Fulton wins a quick acquittal on charges of misusing funds

May 08, 1992|By Michael James | Michael James,Staff Writer

A Baltimore Circuit Court jury deliberated just 40 minutes yesterday before finding state Del. Tony E. Fulton innocent of stealing money during his 1990 re-election campaign.

Mr. Fulton was acquitted of two counts of felony theft and misdemeanor misconduct. Had he been convicted, Mr. Fulton would have faced up to 30 years in jail and expulsion from office.

"It was obvious that the charges were bogus, and given the fact that the jury only stayed out a half-hour or so, it seems they were convinced, too," said an elated Mr. Fulton after the verdict.

"This shows that the system works. My family and I still have a lot of healing to do, but I'm happy in knowing that today I got justice," he said.

The verdict came after Mr. Fulton's attorneys, Kenneth L. Thompson and Mark Stichel, blasted the state prosecutor's decision to single out Mr. Fulton.

"We've wasted four days in court talking about a lot of nonsense," Mr. Thompson said in closing arguments. "This whole case is absurd. . . . It's been a disgrace.

"You don't ruin a man's life over nonsense like this. This is a decent man."

As a result of a special grand jury investigation, state prosecutors had charged the 40-year-old Baltimore Democrat with six criminal violations stemming from activities during his 1990 re-election bid.

The alleged wrongdoings included using campaign money for the purchase of two new campaign vans registered in Mr. Fulton's name and the theft of $3,000 from his campaign treasury.

The prosecutors, Dolores O. Ridgell and Scott E. Nevin, also had argued that Mr. Fulton paid campaign workers with money that he declared was being used for legislative purposes.

They also alleged that he used more legislative money -- about $2,000 -- to pay for the installation of campaign phones and to pay the rent for his campaign headquarters.

But in the course of the trial, the charges against Mr. Fulton were whittled down to three criminal counts as Judge Ellen M. Heller remained unswayed by the prosecution's case.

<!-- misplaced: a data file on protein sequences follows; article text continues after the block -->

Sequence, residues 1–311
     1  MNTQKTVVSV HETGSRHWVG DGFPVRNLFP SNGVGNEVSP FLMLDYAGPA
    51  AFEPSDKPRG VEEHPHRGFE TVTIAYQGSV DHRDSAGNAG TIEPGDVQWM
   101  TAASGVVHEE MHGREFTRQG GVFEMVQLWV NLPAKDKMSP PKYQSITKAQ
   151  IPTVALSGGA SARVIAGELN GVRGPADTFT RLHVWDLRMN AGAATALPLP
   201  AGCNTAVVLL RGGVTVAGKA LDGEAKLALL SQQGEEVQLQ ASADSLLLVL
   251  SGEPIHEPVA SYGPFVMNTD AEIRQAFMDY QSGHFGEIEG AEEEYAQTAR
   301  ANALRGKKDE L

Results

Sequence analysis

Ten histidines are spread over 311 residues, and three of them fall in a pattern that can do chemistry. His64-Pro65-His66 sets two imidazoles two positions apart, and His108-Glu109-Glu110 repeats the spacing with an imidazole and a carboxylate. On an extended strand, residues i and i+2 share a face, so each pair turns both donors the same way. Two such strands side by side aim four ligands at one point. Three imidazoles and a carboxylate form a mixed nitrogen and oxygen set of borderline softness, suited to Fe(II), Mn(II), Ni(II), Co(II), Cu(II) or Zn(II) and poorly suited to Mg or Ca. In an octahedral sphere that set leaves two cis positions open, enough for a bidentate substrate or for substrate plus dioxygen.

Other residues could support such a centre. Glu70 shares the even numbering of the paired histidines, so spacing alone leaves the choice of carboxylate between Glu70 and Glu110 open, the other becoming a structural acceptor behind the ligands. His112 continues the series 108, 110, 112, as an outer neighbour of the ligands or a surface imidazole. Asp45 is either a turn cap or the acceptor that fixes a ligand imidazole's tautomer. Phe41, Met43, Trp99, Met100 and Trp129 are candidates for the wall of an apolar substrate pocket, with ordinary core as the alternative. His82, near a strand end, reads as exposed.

By the time the case went to the jury yesterday afternoon, Mr. Fulton stood accused only of stealing $650 from the campaign treasury and stealing another $525 by paying his campaign manager with legislative funds.

In dropping some of the counts, Judge Heller told the prosecutors that, although "the charges disturb me a great deal," the state had failed to show evidence of any willful wrongdoing by Mr. Fulton.

"I'm in a criminal case with charges against a public official. I need evidence," Judge Heller said.

Mr. Fulton admitted that he took $3,000 from his campaign treasury, but he -- and several of his campaign workers -- testified that Mr. Fulton disbursed the entire amount in legitimate cash bonus gifts to loyal campaign hands.

Charges that Mr. Fulton had illegally used legislative money to pay for rent and a telephone were thrown out yesterday.

Mr. Fulton testified that his campaign headquarters was housed in the same building as his legislative office, and that the rent he charged to the state went solely toward the legislative office. The landlord of the building, Mr. Fulton testified, was a friend who did not charge him rent for the campaign office in the building.

The landlord took the stand to verify Mr. Fulton's story.

And finally, Mr. Fulton said that the legislative money he paid to campaign workers was in fact disbursed for legislative work they performed. The campaign workers in question, he said, were very much involved with constituent work.

But prosecutors said in closing arguments that they did not believe his excuses.

"The state doesn't think it's nonsense when a state delegate" abuses his privileges, Ms. Ridgell said.

"Public officials have to be held to a high degree of responsibility. They are trusted with taxpayer dollars," she said. "Tony Fulton is a thief. . . . Delegate Fulton's conduct shows that he is not worthy" of the public trust.

Mr. Fulton, a real estate agent, was elected to represent Baltimore's 40th District in 1987. During the trial, he testified that prosecutors had a vendetta against him and that at least one of his campaign aides told him of being threatened by a prosecutor.

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